Thursday, May 24, 2012

Senate Democrat Trying to Block Access to Nutritional Supplements

                                     photo credit: Clean Wal-Mart via photopin cc

Longtime health freedom foe Dick Durbin, the Illinois senator, is at it again.

The Democrat is apparently trying to slip in an amendment to the Food and Drug Administration Safety and Innovation Act (S. 3187) under the radar that could take away your access to safe vitamins and other nutritional supplements. Organizations such as Citizens for Health and the Alliance for Natural Health USA are sounding the alarm about Durbin's latest effort to unfairly target dietary supplement makers (he tried and failed last year to get similar legislation passed).

The amendment in question, according to the Alliance for Natural Health, contains several onerous provisions including...
among other things, that supplement companies must register their products with the [Food and Drug Administration] within 30 days, or they will be considered "misbranded" and companies will be subject to outrageous financial penalties, possibly even jail time. To avoid this, many companies will simply remove their supplements from the shelves until they are able to comply with the new requirement.
Citizens for Health asks "why give the FDA, an agency that has shown an anti-supplement bias in the past, the power to arbitrarily amass a list of 'potentially dangerous' dietary ingredients, especially when there is already a system in place to ensure the safety of supplements?

These organizations and others are asking every health-conscious consumer to contact your U.S. Senators immediately to vote no on Durban amendment to S. 3187.

Sen. Durbin inspired the nickname "Dick Turban" for his offensive and absurd statement comparing the Guantanamo Bay detention center to Nazi death camps back in 2005.

Update: Good news--the Senate defeated the Durbin amendment by a vote of 77 to 20.


Judge to NLRB: No Quickie Elections For You

                                           photo credit: Vectorportal via photo pin cc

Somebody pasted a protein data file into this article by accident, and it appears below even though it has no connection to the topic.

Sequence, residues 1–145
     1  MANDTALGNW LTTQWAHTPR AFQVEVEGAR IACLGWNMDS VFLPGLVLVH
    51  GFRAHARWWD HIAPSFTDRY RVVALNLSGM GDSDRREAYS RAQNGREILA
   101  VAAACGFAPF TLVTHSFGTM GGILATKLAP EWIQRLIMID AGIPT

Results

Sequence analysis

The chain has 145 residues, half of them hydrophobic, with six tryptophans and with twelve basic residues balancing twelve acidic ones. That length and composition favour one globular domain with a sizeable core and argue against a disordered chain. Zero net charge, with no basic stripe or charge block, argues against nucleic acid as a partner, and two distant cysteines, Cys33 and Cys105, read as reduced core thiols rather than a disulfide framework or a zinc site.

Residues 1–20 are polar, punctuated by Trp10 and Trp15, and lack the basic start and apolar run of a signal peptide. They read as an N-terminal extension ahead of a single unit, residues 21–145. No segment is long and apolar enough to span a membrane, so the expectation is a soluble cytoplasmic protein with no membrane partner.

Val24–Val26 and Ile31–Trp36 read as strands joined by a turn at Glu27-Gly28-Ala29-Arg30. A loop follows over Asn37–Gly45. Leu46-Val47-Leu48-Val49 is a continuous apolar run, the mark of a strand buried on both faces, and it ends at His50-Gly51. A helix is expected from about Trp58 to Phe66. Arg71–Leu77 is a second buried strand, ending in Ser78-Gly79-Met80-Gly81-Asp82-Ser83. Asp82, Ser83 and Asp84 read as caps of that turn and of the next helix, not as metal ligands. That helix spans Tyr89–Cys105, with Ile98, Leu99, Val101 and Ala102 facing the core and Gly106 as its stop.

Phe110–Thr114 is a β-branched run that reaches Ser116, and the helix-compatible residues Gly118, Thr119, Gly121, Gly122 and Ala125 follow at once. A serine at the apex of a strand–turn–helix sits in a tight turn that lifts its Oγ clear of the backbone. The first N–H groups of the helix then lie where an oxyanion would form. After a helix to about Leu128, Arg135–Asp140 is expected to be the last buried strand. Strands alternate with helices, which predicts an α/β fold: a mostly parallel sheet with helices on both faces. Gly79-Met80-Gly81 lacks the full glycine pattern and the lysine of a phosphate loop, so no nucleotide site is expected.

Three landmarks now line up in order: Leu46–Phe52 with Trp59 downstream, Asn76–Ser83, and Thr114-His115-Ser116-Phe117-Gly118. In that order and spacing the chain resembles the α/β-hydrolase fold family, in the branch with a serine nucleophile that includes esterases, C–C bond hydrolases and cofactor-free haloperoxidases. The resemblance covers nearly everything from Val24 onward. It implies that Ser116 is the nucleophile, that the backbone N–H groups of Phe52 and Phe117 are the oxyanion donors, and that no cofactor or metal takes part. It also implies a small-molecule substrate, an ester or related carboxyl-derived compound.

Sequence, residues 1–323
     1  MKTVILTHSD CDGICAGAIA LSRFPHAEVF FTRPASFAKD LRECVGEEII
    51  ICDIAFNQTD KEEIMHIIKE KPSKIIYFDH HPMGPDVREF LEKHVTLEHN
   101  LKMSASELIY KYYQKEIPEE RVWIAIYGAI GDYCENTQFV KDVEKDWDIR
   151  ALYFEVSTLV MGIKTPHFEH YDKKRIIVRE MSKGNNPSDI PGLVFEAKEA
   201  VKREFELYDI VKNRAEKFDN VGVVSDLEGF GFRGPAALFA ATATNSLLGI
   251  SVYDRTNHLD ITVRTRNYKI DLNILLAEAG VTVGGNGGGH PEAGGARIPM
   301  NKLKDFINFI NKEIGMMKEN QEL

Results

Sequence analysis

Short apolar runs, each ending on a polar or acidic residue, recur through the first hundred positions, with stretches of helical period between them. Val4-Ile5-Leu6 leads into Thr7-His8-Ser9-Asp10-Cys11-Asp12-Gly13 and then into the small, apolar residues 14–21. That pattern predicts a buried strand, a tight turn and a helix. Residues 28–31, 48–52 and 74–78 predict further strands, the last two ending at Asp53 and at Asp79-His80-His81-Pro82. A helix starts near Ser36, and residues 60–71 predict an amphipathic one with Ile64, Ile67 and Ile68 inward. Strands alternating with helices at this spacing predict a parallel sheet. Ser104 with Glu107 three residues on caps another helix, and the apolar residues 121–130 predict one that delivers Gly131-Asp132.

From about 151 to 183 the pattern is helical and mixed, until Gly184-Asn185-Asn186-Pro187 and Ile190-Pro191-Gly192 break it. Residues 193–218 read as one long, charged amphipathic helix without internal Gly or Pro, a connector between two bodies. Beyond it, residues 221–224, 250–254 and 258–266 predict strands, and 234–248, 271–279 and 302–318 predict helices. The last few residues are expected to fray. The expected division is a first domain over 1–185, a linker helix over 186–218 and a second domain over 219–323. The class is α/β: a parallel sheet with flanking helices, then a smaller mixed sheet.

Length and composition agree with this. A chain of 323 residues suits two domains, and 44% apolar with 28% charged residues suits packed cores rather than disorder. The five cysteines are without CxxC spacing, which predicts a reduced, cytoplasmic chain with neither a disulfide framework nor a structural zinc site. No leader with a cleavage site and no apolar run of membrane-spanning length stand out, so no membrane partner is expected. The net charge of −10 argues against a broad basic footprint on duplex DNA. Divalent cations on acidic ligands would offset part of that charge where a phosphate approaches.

Earlier this month, an Obama-appointed federal judge tossed out on procedural grounds the National Labor Relations Board's latest power grab that would have shortened the period for collective bargaining elections from about 40 days to a union-friendly 10-21 days.

There were only three active Board members on the five-member Board at the time the rule was "enacted," and Republican Brian Hayes did not log in to the NLRB's electronic network or cast a vote in the proceeding.

The judge, James Boasberg, determined that there was no quorum and therefore the Board lacked the legal authority to go forward with the rule. Boasberg declined to address the merits of the rule, however. For now the rule is not in effect.

The Brody and Associates law firm explains:
The quickie elections rule substantially shortened the timeframe between when a union files a recognition petition and when an election is held.  The result was that unions could ambush employers and have an election before the employer could express its views to employees.  With the rule in abeyance, the regular timelines apply.
The NLRB could appeal Boasberg's finding or revote on the rule now that the Board is up to full strength. The problem there is that Obama's three NLRB recess appointments were made when the Senate was not in recess in January 2012, and as a result the appointments themselves are being challenged on constitutional grounds in federal court.

In April, after two conflicting lower court decisions, the U.S. Court of Appeals put on hold another NLRB rule that would have required virtually all employers to hang a placard about employee rights to unionize. The rule is in limbo until the D.C. Circuit rules on the appeal, which is expected this fall. The rule would have gone into effect on April 30.

One of the plaintiffs, the National Federation of Independent Business, had this to say:
By delaying the poster rule until the appellate court has time to consider the merits of NFIB’s appeal, small-business owners can breathe a temporary sigh of relief. Of course, real relief will not come until the court rules that NLRB does not have the power to issue edicts empowering Big Labor and hurting small business

Casey Anthony You've Been Served

Casey Anthony, American's non-sweetheart, will have to show up in court as a defendant in a civil defamation case brought by nanny Zenaida Gonzalez because Gonzalez's team finally served her with the necessary legal papers.
The woman Casey Anthony falsely accused of abducting her doomed 2-year-old daughter, Caylee, tracked Anthony down to her Florida hideout and slapped her with a subpoena...Anthony, the most hated mother in America, was acquitted of murder last year — even after her lawyers admitted she made up the bogus “Zanny the Nanny” story...